By Anna Merlan
By Lee Escobedo
By Alice Laussade
By Scott Reitz
By Claire Lawton
By Kiernan Maletsky
By Anna Merlan
Dan in Real Life has this much going for it: It is not the worst Steve Carell film of 2007. That honor, of course, goes to Evan Almighty, which even the Lord walked out of during the second reel. Fact is, Dan in Real Life isn't really much of a film at all—it's more like a montage of other movies, with Carell serving as the host of what could pass for a primetime AFI special.
One could fill this entire space with the titles of films from which writer-director Peter Hedges nicks his story, but for the sake of expediency we'll narrow it down to a desert-island handful: Home for the Holidays, The Family Stone, Sleepless in Seattle, What About Bob? and Hedges' own excellent Thanksgiving-dinner-flavored Pieces of April. Assemble a cast—Carell, Dane Cook as the brother, Juliette Binoche as the brother's girlfriend, Dianne Wiest and John Mahoney as the parents, Emily Blunt as the blind date, and assorted other familiar faces posing as family members gathered in an idyllic oceanside spot—and the dots connect themselves.
Dan in Real Life isn't technically a "holiday film," as it doesn't appear to take place during a holiday, but there might as well be a Christmas tree perched in the corner and a Thanksgiving turkey carved on the table. So, naturally, there will be merriment, melancholy, recrimination, reconciliation and, yes, touch football. Heartache served with hot cocoa too. And pancakes, so fluffy and warm the theater will smell of Christmas morning even in early fall.
And there will be young children who say things like, "You're a good father but sometimes a bad dad" and "Love isn't an emotion—it's an ability." There will even be an ornately lit family talent show staged in the living room, during which one man sings to someone else's lover Pete Townshend's "Let My Love Open the Door," and she will cry when he reaches the climactic coda: "When tragedy befalls you, don't let it drag you down/Love can cure your problems/You're so lucky I'm around." So lucky, awwww.
So, yes, there will also be love, of course—dear, sweet love coaxed from the shriveled heart of a widower named Dan (Carell) whose wife has been dead four years. Dan has mourned while attempting to raise three daughters, ranging in descending age from angst-ridden (Alison Pill) to horny (Brittany Robertson) to precocious (Marlene Lawston).
But despite his alleged acumen in the field of parenting—he's an advice columnist for the local paper in an unspecified New England town—Dan's a fairly out-of-touch father, unwilling or merely unable to treat his girls with the soft, guiding touch he demands of other parents. Thankfully, Dan doesn't have to spend too much time with the kids: A few minutes in, he packs them into the car for a road trip to Rhode Island, where his parents live in a cabin on the shore. There, their estimable brood has gathered for what appears to be a 12-day weekend that will involve morning aerobic workouts set to disco standards. The girls occupy their time with doting relatives; Dad sleeps in the closet with the ever-thumping dryer and gets visited by a newspaper syndication company hoping to make Dan its family man, just as his own kin are turning on him.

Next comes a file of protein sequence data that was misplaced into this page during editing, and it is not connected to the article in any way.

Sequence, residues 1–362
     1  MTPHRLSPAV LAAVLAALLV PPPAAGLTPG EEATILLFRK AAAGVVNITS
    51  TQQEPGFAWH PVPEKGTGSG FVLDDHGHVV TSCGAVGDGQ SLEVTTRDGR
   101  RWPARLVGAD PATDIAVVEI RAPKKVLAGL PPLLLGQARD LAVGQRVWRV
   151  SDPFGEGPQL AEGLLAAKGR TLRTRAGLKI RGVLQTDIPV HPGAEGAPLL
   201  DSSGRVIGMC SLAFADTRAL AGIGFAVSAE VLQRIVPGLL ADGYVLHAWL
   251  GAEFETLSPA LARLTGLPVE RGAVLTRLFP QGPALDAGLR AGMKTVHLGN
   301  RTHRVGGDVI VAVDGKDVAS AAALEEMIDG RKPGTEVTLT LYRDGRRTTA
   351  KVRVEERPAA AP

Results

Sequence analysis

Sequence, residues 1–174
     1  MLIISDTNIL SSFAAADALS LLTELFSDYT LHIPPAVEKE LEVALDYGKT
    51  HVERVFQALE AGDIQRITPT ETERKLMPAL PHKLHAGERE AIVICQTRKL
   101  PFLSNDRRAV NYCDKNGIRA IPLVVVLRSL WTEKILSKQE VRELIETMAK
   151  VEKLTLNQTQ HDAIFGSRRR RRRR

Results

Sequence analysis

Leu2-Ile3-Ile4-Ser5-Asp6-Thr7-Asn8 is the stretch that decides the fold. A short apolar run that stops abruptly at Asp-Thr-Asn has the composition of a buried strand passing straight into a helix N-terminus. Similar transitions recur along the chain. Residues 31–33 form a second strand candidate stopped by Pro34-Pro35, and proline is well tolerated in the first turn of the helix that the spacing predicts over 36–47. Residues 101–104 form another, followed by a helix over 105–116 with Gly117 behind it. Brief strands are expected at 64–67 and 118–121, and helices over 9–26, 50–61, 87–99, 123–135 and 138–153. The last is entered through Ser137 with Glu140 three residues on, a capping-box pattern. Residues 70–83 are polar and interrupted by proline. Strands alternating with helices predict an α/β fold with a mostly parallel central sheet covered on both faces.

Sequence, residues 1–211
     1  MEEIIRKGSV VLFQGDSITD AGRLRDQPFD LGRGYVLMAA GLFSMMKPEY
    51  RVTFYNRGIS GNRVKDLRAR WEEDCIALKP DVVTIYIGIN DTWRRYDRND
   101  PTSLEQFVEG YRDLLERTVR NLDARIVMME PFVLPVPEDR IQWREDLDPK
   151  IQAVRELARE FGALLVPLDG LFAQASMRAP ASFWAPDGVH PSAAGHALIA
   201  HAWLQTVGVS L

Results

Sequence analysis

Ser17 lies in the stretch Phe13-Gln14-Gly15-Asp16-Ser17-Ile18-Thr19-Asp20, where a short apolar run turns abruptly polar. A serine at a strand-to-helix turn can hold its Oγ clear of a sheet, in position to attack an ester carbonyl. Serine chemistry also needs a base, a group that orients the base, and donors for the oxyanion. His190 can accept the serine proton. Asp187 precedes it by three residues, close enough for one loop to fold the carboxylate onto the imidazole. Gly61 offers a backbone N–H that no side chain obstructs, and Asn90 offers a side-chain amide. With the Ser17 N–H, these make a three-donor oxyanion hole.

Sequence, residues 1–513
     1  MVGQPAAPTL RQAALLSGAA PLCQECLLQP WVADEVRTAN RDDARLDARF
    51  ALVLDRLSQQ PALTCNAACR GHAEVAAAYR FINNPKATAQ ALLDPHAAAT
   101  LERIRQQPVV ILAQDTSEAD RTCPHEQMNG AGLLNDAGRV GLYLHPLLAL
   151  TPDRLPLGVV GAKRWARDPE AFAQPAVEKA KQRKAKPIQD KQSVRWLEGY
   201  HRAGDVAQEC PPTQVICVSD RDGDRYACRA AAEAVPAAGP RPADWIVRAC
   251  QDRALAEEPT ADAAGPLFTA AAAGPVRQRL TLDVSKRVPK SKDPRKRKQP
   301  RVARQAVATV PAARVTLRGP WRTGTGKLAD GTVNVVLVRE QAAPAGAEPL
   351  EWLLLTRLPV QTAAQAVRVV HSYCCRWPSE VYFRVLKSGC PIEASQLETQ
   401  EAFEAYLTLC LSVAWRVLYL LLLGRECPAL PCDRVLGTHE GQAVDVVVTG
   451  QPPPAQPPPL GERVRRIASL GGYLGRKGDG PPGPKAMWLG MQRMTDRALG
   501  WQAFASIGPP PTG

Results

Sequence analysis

While in town retrieving the morning paper from the tackle shop-bookstore, Dan bumps into Marie (Binoche), who, in the fog-bound glare of dawn's early light, is looking for a book she can only describe as "human funny." The twosome retreats to a pier, where they bond over hot tea and giant muffins. He tells her his story ("Then she got sick, then she was gone"), while she comforts him with puppy-dog eyes and mile-wide grins. They are, of course, in love at first bite. Only, as it turns out, Marie is bound for Dan's family's house, where she is to meet Dan's brother Mitch (Cook), who happens to be her new boyfriend. Dan is crushed. He spends the next several days goading Mitch, flirting with Marie and avoiding his daughters, until he becomes perhaps the most unpleasant character in the movie.
Dan is the kind of role at which Carell excels—the broken Everyman who's more shadow than flesh and more comfortable lashing out than actually connecting. The charitable might view Dan in Real Life as a sort of spiritual sequel to The 40-Year-Old Virgin: Dan's the little man Andy might have become had his One True Love abandoned him with three children to whom he can't connect, because every time he looks at them he sees the remnants of his former life. Or it could just be that Dan in Real Life steals from that line in Virgin about Carell looking kinda like Luke Wilson, since Carell is, after all, playing here the Luke Wilson role from The Family Stone.
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